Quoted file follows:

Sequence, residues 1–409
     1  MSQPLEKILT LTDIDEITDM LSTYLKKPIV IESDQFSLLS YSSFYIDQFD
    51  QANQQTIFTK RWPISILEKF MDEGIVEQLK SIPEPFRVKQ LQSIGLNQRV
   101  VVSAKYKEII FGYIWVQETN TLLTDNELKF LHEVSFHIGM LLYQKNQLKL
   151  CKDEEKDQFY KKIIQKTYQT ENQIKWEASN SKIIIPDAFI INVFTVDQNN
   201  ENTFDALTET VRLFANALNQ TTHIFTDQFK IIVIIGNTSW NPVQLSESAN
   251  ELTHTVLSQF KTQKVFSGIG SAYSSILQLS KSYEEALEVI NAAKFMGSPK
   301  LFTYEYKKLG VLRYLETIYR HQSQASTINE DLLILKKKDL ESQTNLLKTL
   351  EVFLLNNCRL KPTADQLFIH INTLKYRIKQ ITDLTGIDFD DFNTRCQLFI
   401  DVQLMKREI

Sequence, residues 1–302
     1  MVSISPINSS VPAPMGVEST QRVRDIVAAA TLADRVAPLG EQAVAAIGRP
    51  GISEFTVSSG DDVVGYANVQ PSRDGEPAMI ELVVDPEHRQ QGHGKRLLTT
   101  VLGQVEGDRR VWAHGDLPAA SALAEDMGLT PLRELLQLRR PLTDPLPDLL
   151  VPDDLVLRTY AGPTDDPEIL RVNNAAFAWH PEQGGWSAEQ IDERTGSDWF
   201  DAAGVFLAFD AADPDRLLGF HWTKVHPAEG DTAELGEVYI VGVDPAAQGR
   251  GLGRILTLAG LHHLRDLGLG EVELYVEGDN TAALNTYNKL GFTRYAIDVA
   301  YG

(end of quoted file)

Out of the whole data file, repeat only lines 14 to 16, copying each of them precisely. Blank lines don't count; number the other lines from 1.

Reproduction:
   101  VLGQVEGDRR VWAHGDLPAA SALAEDMGLT PLRELLQLRR PLTDPLPDLL
   151  VPDDLVLRTY AGPTDDPEIL RVNNAAFAWH PEQGGWSAEQ IDERTGSDWF
   201  DAAGVFLAFD AADPDRLLGF HWTKVHPAEG DTAELGEVYI VGVDPAAQGR